Likewise, as I continued my study of the Qur'an, I began to agree more and more with the Qur'an about the importance of "a society based on compassion, equity and justice," as Crooke writes. Even though Muslims may agree with many socially conservative positions that American Republicans favor, it is this notion of social justice as espoused by the Qur'an that turns more American Muslims toward the Democratic Party. (Of course, many of us don't agree with everything the Democrats have to say, either, but if needing to make a choice between the two parties, the Democrats tend to be favored, at least for the time being.)
One minor criticism of the essay I have is that, while it appears that Crooke is arguing that this "Islamist resistance" is essentially Shi'ite in nature (the subtitle of the essay is "A Different View of Iran, Hezbollah and Hamas"), I would say that the so-called "Islamist" positions he describes is really representative of Islam as a whole, regardless of whether a Muslim is Sunni or Shia.
What follows are various excerpts from the post. The entire essay is not too long, and I do recommend that you read it if the subject is of interest to you.
Most Western analysts of political Islam make the same mistake. They instinctively assume that conflict with the West has mainly to do with specific foreign policies, particularly of the U.S. with respect to Israel, the Arab world and Iran, and, if those changed, all would be well.
In fact, my intensive contact over the years with Iranian clerics, Hezbollah and Hamas suggest that the conflict with the West is much deeper. It is rooted in radically different worldviews about human nature and the good society.
Failing to grasp this reality, the West continually misreads what is going on in the Muslim world. At root, the West is about individualistic, instrumental rationality and materialism; the Islamic resistance movements are about a communal and spiritual approach to life.
Islamism, in short, is not irrational — it is no whimsy of divine caprice; it is accessible to reasoned explanation. And it seeks to evolve an alternative to the ways of the West.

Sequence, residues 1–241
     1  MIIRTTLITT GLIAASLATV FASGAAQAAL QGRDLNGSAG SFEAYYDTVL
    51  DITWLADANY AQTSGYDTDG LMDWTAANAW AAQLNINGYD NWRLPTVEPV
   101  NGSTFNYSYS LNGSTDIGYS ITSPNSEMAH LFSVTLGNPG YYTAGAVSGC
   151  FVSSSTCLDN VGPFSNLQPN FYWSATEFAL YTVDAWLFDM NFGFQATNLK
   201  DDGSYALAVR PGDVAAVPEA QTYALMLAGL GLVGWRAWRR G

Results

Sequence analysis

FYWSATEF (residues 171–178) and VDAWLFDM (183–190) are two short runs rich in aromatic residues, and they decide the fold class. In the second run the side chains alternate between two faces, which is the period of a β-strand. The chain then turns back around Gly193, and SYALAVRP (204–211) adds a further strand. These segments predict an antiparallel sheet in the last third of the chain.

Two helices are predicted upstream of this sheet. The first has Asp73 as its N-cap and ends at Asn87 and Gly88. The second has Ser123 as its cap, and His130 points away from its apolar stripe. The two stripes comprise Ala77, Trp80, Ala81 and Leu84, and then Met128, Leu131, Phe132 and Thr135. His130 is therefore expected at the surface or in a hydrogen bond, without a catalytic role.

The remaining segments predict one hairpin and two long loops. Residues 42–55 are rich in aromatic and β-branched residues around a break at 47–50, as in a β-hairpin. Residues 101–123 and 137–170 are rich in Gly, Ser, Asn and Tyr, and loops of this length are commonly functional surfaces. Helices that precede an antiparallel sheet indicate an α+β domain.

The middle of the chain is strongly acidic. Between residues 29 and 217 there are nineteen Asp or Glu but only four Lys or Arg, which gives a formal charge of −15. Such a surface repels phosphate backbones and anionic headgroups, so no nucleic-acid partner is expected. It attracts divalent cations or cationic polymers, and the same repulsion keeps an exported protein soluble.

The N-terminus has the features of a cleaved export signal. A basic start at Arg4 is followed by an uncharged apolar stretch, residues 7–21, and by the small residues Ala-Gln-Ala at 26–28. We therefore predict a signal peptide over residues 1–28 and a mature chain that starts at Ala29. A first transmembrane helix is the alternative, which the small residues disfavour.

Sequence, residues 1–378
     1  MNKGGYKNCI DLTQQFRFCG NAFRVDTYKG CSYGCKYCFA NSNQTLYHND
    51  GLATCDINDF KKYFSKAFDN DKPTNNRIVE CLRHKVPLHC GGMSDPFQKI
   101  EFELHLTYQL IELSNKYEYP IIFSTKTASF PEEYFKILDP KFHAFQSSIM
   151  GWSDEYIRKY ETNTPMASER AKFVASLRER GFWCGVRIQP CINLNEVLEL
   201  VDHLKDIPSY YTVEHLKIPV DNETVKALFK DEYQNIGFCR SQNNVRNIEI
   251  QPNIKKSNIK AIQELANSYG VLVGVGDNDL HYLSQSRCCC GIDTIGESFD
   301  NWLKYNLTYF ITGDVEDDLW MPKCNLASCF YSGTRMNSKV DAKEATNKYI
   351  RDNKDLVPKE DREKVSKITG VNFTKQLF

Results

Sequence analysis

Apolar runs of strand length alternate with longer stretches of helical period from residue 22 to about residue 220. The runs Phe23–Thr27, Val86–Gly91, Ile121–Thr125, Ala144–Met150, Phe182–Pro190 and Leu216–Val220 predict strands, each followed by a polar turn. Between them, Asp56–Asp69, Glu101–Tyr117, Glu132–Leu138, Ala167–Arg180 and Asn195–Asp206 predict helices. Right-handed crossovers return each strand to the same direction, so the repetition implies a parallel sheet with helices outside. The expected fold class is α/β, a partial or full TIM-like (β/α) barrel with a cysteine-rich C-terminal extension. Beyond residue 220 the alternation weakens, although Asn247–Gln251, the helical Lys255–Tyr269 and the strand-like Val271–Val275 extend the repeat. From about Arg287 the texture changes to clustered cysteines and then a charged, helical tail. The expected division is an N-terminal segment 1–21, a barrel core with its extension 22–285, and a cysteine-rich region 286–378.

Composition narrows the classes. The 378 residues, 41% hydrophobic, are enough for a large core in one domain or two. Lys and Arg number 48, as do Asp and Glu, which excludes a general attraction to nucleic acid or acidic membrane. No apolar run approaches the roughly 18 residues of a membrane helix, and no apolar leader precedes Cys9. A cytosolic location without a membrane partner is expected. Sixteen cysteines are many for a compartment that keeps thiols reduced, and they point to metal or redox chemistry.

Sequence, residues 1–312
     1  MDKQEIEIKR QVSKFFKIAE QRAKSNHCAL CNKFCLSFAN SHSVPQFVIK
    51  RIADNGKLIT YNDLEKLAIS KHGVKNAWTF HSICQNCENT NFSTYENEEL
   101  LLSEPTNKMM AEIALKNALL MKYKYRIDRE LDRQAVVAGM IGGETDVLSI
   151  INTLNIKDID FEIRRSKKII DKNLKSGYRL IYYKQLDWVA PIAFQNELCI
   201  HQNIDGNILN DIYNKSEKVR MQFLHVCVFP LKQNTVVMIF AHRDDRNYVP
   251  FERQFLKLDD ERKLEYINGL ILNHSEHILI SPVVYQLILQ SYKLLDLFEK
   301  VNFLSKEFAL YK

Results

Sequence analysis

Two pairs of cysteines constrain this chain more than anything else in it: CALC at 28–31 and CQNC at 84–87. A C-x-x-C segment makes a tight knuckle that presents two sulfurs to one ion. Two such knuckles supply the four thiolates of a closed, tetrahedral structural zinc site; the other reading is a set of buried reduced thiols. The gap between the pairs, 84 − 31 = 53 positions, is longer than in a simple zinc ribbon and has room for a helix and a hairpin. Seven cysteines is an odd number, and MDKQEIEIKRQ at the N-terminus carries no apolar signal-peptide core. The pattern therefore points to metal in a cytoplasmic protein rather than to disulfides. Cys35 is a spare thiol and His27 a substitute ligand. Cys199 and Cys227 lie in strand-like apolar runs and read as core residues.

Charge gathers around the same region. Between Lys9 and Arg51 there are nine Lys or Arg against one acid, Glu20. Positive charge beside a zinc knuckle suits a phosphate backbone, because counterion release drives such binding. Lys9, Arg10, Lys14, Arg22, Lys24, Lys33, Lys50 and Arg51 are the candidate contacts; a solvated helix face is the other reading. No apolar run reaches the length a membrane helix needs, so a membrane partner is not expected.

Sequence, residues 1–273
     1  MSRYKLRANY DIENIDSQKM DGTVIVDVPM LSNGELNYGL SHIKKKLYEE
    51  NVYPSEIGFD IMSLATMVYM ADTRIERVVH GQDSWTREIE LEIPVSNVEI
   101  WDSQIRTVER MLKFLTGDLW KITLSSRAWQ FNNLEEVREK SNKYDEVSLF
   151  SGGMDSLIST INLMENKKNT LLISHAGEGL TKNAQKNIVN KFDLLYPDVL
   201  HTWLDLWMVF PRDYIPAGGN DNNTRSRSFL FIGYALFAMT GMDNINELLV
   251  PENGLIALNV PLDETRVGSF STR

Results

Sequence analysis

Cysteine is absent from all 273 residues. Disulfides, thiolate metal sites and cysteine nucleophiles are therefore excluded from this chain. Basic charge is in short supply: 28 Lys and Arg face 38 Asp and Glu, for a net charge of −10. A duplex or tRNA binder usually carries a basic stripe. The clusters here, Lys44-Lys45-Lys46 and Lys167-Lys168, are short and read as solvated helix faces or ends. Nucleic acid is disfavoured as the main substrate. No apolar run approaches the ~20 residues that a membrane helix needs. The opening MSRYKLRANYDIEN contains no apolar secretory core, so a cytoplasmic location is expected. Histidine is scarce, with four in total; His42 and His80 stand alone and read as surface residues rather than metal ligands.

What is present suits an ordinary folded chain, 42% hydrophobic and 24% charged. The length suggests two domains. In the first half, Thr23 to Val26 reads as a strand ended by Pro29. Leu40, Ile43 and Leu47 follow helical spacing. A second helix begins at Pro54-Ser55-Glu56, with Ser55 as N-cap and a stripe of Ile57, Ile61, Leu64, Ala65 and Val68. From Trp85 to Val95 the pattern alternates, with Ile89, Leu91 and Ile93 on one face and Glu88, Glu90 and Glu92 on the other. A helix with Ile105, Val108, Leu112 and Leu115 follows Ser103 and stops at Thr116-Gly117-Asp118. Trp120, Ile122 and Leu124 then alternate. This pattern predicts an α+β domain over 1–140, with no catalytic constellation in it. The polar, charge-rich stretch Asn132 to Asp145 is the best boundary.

Paradoxically, it was the Kemalists and Turkey’s transformation, which Westerners so admire, that inadvertently, by severing the links to the Caliphate superstructure that had provided stability to the Islamic world for centuries, created the conditions in which Islamism at the popular level could transmute and evolve into a revolutionary movement from the bottom up, including from the margins of the Shiite minority.
Islamists returned to the Quran for insights. The Quran is not a blueprint for politics or a state: It is, as it states frequently, nothing new. The Quran is a “reminder” of old truths, already known to us all. One of which is that for humans to live together successfully society must practice compassion, justice and equity.
This insight lies at the root of political Islam. It is a principle that represents a complete inversion of the “Great Transformation.” Instead of the pre-eminence of the market to which other social and community objectives are subordinated, the making of a society based on compassion, equity and justice becomes the overriding objective — to which other objectives, including markets, are subordinated.
It is revolutionary in another aspect: Instead of the individual being the organizational principle around which politics, economics and society are shaped, the Western paradigm again is inverted. It is the collective welfare of the community in terms of such principles — rather than the individual — that becomes the litmus of political achievement.
But the Islamist revolution is more than politics. It is an attempt to shape a new consciousness — to escape from the most far-reaching pre-suppositions of our time. It draws on the intellectual tradition of Islam to offer a radically different understanding of the human being, and to escape from the hegemony and rigidity of the Cartesian mindset.
The Saudi orientation of Salafism has been used by the West to counter Nasserism, Marxism, the Soviet Union, Iran and Hezbollah; but in so using the literalist puritan orientation, the West has misunderstood the mechanism by which some Salafist movements have migrated through schism and dissidence to become the dogmatic, hate-filled and often violent movements that really do threaten Westerners, as well as other Muslims, too.
Ironically, the West of the Enlightenment is situated on the wrong of the divide — backing dogma versus the open intellect of religious evolution. It is perhaps not surprising that a literalist and dogmatic West has contributed to literalism in Islam also. But the West, by holding on to this flawed perception that it is supporting docility and “moderation” against “extremism,” paradoxically has left the Middle East a less stable, more dangerous and violent place.